I shall nevertheless approach the assessment of damages on the undisputed allegations in the particulars of claim and on the testimonies of witnesses called on behalf of the respondent. It is apparent from the particulars of claim and the evidence presented that the respondent was arrested in circumstances which indisputably impaired his dignity. He was repeatedly and unlawfully deprived of his liberty, harassed, and his life was threatened. Even though it was not pertinently stated in the particulars of claim that the arrests were malicious, this may be inferred from the particulars of claim. That the arrests were malicious was conceded by counsel acting on behalf of the appellant.
 Even if the court a quo had impermissibly relied on the violations of certain constitutional values (without so finding), this court is of the view that considering the factors mentioned in the previous paragraph, the eventual award by the court a quo was appropriate in aforementioned circumstances and should not be disturbed.
 I am of the view that the award for damages by the court a quo where the defendant had been deprived of his liberty for about ten days was not unusually excessive in the circumstances. In my view it was appropriate and should be confirmed.
 The respondent testified that an amount of N$27 000 was placed by himself inside his motor vehicle shortly before the arrival of the police officers. This was confirmed by the witness Ms David. Ms David’s testimony was further that whilst the vehicle was at the respondent’s bar, after the respondent had fled the scene she saw no-one removing the money from the vehicle, prior to the vehicle being towed away. It is not clear from the evidence who towed the vehicle from the scene. What is however not disputed is that the vehicle was towed to the police station where it stood until such time when the respondent eventually received it from the police officers.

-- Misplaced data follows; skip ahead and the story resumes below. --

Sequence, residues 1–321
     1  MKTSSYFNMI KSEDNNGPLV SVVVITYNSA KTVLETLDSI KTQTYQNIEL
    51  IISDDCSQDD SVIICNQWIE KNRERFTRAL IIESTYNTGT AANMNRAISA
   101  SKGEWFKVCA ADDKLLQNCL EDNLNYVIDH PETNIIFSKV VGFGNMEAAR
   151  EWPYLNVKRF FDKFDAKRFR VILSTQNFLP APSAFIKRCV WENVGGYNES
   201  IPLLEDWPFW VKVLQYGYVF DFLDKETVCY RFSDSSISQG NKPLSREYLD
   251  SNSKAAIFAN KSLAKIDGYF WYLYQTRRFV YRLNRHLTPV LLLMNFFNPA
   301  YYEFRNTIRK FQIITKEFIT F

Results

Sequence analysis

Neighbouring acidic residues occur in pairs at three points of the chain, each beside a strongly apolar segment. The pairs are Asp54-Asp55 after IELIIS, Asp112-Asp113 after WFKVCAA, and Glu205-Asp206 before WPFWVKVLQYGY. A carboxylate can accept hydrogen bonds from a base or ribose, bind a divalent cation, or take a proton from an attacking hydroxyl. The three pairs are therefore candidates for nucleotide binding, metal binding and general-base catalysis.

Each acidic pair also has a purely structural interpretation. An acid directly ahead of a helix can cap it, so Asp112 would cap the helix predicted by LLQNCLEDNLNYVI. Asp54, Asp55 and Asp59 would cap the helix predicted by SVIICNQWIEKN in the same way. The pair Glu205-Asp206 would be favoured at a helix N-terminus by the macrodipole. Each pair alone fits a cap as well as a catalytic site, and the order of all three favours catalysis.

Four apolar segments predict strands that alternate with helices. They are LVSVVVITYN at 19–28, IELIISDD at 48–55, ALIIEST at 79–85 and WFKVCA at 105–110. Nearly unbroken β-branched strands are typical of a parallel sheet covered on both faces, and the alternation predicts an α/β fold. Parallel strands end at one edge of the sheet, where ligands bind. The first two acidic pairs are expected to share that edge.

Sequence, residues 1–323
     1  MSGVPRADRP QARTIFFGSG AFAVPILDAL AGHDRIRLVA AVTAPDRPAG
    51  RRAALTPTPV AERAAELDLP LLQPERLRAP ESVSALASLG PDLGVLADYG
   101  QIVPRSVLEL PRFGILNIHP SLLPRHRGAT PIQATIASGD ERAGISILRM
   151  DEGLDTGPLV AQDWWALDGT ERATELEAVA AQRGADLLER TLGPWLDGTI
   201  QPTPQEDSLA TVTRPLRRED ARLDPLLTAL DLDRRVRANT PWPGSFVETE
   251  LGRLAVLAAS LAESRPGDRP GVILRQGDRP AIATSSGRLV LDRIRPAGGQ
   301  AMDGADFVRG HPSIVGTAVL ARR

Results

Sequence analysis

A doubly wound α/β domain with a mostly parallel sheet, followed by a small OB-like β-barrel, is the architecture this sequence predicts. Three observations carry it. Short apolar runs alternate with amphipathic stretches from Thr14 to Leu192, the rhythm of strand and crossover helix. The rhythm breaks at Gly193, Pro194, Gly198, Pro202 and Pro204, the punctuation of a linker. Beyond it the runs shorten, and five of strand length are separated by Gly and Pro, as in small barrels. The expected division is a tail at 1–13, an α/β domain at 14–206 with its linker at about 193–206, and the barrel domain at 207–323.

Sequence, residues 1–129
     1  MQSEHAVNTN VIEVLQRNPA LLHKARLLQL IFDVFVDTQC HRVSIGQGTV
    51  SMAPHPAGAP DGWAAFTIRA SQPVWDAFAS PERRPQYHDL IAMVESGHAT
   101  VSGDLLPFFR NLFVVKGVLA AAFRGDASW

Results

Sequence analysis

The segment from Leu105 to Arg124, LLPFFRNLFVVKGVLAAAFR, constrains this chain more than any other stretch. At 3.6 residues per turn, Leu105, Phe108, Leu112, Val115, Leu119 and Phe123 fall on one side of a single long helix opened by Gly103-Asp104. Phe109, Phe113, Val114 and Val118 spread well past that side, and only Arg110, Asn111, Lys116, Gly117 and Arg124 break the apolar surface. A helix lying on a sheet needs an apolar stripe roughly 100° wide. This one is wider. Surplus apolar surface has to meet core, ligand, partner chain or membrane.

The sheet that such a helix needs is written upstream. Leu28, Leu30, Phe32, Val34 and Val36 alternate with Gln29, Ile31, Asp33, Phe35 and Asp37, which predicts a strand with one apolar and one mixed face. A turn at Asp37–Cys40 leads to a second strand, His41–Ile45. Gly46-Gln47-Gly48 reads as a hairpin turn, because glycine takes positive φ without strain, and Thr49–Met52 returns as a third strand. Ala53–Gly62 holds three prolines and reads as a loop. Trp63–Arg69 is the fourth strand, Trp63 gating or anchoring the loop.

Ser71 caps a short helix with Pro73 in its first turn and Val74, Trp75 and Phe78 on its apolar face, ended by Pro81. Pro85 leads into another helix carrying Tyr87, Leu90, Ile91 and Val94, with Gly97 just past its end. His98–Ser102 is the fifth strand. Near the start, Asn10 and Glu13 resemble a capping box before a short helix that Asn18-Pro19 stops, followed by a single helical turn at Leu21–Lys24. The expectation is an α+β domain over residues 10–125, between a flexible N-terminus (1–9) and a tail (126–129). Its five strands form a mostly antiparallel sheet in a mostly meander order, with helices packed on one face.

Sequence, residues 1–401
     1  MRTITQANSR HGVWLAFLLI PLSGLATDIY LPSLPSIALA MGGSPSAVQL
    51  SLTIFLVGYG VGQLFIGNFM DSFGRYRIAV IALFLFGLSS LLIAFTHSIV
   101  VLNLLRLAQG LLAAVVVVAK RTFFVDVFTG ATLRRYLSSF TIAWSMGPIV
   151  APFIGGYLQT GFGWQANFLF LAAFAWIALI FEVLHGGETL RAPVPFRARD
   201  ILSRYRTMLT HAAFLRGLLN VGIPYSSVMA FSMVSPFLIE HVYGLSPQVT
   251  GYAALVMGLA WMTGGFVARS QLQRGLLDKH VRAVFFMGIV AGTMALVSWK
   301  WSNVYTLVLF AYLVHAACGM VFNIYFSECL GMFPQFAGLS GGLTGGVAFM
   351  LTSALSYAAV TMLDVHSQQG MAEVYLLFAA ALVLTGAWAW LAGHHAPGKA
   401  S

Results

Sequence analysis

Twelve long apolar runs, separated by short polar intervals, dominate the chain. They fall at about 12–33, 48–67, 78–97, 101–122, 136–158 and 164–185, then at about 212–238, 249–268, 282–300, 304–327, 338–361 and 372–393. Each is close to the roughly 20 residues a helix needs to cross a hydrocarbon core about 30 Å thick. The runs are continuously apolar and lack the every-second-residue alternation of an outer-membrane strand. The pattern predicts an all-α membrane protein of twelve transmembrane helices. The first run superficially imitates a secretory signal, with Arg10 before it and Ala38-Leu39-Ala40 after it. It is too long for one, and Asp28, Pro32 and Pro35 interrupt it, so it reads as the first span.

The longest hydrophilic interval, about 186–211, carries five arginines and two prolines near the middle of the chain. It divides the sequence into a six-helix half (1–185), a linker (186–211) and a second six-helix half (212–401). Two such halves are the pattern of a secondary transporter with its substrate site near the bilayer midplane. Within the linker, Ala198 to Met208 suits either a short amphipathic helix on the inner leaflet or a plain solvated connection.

The legal practitioner for the appellant submitted that the appellant never admitted liability for the loss of N$27 000, and that the respondent himself appeared to suggest that the amount of N$27 000 could have included an amount from a transport business which the respondent co-owned with somebody else. I am of the view that the origin of the money is irrelevant. The uncontested testimony was that Ms David and the respondent counted the money together and the amount was N$27 000. There was no evidence gainsaying the testimony of the respondent that he placed this amount inside his motor vehicle. In my view it would amount to speculation that someone could have removed the money from the vehicle at the stage the respondent was chased by the police officers – there was simply no evidence to infer such a finding. There is similarly no evidence that someone unknown could, during the process of removing the vehicle to the police office have stolen the money left by the respondent in his vehicle. This again would amount to speculation.
 I am of the view that the respondent proved the loss of N$27 000.
In respect of the third claim
 The third claim was in respect of a loss of profit in the amount of N$105 000 as a result of the unlawful impoundment of the respondent’s vehicle. The court a quo awarded damages in the amount of N$90 000. The original claim was in the amount of N$70 000 but at the time of the trial had escalated to the amount of N$105 000. The legal practitioner for the appellant took no issue with this increased amount.
 He instead submitted that the evidence presented did not support a claim of loss of profit, since the respondent in the particulars of claim pleaded loss of profit, respondent’s evidence related to a claim of gross income.